Treatment For Stress Incontinence in Females

treatment for stress incontinence in females

Urinary incontinence can severely diminish a woman’s quality of life and is a relatively common condition that can be treated.

Initial treatment typically includes Kegel exercises as the initial option, followed by anticholinergics or surgery if these don’t work. For more information on these options, consult your physician.

Pelvic Floor Exercises

Leaks from your bladder may occur if your sphincter and pelvic floor muscles are weak, which requires you to contract them — though this may be difficult without help such as Kegel exercises. To stop it leaking, contract these muscles — although sometimes this may be hard for us individuals alone! For this reason, Kegel exercises can provide an efficient means of contractions without strain.

Kegel exercises are exercises designed to strengthen the pelvic area — or anus — through tightening and relaxing their muscles, similar to tightening and relaxing your muscle group in yoga class. When done properly, you should feel your muscles working. Doing 10 Kegels each day may improve symptoms and prevent leakage; start off slowly with five and gradually add on as your strength improves. It is usually best done lying back, although other positions including sitting, walking and exercising may work just as well.

Your doctor or a specialist can instruct you in these exercises, while an electrical stimulation device that sends mild current through your pelvic muscles and mimics Kegel exercises can also help. By sensing which muscles are contracting during this exercise, this device allows you to learn which ones need strengthening so that later you can do them on your own.

Stress urinary incontinence can cause emotional trauma as well as inconvenience and embarrassment, and lead to physical discomfort as a result of its potential leakage. Furthermore, it may interfere with relationships, work obligations and daily life activities – creating stress for all concerned involved.

Behavior treatment for SUI involves learning to anticipate activities that have caused urine loss in the past and use voluntary pelvic muscle contraction to occlude your urethra before these activities take place. This could include knowing your personal triggers such as coughing or laughing that cause an episode.

Pessary

Urinary leakage can be embarrassing and debilitating for women. Fear of leakage when participating in physical exertion such as exercising, sneezing, coughing, jumping or bending activities such as exercise can prevent women from engaging in their desired activities and even participating in sexual relations if symptoms worsen. Weight gain, depression and even anxiety disorders may result; luckily there are various treatments options for stress incontinence that can provide relief and restore your quality of life.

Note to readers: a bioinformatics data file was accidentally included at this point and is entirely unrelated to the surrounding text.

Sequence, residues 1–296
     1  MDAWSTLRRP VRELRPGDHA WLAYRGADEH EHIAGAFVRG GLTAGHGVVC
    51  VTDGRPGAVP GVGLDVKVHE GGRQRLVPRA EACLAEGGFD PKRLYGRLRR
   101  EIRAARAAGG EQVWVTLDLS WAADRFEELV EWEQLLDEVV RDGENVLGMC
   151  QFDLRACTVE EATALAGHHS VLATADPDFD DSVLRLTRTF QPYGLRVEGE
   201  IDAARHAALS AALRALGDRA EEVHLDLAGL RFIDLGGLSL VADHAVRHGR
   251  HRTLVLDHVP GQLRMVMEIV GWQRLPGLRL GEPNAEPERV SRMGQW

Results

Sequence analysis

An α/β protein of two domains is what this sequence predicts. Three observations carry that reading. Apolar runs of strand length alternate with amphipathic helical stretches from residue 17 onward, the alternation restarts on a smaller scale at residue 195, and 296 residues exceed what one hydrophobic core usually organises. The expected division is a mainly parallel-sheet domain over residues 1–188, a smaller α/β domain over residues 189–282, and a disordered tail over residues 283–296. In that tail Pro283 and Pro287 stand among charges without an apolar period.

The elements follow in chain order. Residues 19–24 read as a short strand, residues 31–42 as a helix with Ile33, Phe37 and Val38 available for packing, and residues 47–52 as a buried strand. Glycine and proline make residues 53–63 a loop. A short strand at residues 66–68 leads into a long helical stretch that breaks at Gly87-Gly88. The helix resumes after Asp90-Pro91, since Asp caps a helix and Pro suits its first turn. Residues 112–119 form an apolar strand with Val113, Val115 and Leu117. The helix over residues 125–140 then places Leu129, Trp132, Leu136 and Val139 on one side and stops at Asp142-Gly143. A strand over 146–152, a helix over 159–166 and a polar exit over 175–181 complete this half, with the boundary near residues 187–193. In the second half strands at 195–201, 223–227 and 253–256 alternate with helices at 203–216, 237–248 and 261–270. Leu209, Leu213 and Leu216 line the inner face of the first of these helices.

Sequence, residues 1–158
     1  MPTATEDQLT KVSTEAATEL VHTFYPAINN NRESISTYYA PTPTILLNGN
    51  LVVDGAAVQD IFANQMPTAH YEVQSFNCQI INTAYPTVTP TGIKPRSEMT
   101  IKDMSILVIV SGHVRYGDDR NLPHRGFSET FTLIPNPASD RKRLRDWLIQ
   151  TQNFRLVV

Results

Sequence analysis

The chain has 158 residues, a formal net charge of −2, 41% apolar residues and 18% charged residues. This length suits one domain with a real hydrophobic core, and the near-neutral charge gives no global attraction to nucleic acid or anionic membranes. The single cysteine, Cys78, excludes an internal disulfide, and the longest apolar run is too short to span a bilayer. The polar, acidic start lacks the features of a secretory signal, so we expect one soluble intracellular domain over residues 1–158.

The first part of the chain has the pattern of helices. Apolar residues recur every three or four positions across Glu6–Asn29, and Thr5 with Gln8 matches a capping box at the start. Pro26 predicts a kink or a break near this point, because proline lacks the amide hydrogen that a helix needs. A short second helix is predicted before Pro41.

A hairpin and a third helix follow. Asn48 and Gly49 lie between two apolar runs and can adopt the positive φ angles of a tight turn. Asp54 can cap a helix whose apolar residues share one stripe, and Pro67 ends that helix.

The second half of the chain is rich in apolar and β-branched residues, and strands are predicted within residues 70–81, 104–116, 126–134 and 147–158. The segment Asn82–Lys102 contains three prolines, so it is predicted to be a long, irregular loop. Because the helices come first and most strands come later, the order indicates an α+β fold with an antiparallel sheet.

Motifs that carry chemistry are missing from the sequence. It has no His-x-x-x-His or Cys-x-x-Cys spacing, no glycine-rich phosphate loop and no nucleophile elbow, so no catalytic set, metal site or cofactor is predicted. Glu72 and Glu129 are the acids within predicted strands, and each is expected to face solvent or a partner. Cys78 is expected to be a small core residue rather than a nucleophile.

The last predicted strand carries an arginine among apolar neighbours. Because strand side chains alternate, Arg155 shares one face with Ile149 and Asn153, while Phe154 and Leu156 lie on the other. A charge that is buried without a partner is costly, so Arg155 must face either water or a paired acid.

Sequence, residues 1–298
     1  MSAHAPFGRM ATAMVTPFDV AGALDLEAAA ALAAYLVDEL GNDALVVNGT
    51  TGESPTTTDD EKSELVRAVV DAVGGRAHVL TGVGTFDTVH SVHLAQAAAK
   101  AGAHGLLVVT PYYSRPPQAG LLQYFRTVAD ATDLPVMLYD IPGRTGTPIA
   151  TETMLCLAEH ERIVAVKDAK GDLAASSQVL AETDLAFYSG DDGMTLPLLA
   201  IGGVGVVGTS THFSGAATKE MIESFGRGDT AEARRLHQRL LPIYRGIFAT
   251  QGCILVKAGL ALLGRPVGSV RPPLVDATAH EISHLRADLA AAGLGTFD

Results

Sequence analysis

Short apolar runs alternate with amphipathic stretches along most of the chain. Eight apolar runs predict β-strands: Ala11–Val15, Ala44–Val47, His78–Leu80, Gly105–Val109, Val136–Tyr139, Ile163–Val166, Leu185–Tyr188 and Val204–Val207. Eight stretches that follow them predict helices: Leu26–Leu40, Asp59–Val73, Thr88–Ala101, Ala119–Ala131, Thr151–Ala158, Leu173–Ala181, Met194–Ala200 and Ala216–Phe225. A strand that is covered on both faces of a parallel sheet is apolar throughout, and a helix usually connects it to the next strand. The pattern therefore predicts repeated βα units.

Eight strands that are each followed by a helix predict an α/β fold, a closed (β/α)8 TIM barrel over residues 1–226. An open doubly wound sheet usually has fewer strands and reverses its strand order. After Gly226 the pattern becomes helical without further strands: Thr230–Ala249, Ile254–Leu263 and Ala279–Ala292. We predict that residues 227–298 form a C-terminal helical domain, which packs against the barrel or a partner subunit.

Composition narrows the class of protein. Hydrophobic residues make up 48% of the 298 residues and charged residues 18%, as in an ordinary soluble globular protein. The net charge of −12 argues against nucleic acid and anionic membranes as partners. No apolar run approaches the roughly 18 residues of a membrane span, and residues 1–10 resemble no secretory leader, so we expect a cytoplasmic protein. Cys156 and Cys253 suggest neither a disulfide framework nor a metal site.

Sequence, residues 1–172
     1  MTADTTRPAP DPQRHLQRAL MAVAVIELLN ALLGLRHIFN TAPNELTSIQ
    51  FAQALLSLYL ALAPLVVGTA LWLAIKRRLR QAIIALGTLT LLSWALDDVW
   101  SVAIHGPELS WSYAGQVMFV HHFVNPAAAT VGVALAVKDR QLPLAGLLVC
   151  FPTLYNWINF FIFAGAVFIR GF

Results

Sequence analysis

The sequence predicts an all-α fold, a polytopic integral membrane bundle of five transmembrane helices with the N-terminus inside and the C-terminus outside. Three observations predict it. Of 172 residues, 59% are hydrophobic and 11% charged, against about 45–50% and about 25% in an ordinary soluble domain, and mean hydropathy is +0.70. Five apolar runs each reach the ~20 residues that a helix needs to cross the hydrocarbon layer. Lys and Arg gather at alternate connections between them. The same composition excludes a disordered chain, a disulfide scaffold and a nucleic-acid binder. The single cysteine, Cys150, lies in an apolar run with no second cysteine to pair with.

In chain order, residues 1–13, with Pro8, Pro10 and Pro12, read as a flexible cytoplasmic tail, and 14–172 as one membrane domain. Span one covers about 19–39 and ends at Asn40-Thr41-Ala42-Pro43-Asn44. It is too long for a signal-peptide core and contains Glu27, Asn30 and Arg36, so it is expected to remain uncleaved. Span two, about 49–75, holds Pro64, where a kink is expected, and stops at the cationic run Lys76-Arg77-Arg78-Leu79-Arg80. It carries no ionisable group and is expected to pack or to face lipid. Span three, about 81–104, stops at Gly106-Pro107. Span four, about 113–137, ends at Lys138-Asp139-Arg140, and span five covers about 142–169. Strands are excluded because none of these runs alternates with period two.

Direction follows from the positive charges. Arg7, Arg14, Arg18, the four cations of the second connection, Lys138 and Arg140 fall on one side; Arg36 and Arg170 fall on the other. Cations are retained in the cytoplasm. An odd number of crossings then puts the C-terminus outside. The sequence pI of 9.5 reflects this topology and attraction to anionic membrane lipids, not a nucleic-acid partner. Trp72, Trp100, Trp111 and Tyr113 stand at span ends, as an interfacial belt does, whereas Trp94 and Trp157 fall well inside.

Pelvic muscle exercises can play an integral part in treating and preventing stress incontinence. A pelvic floor physical therapist can show you how to perform Kegel exercises to strengthen the muscles that support your bladder, urethra and other organs in the lower abdomen and pelvic region. Regular practice using proper technique is required in order to achieve results.

Internal bladder support pessaries may help alleviate urinary incontinence. These plastic rings fit comfortably around your vagina and push against your urethra to stop urine leakage, providing support that meets individual needs. They come in different shapes and sizes for your convenience.

Pessaries can be very helpful for treating SUI; however, they may not suit everyone and you should consult one of our urogynecologists or advanced practice specialists to find out which is the right treatment option for you.

Pessaries can be installed by a doctor and often feel similar to wearing a tampon when properly placed. You may experience some increase in vaginal discharge if you are post menopausal, however this is normal and will usually subside after several weeks.

Vaginal Inserts

Women experiencing urinary leakage during laughing, sneezing or coughing could benefit from vaginal inserts. These small medical-grade silicone devices, available both disposable and nondisposable varieties, help decrease SUI by exerting slight pressure against the urethra to decrease leakage. Your SLUCare doctor can determine which option will best meet your needs.

Pelvic Floor Physical Therapy, or Pelvic Retraining Exercise, can strengthen and retrain the muscles in your pelvic area to increase bladder control. When choosing a physical therapist who specializes in women’s health and has experience in pelvic muscle exercises, biofeedback training may also be offered as a form of treatment. Biofeedback helps strengthen pelvic muscles to increase effectiveness of Kegel exercises.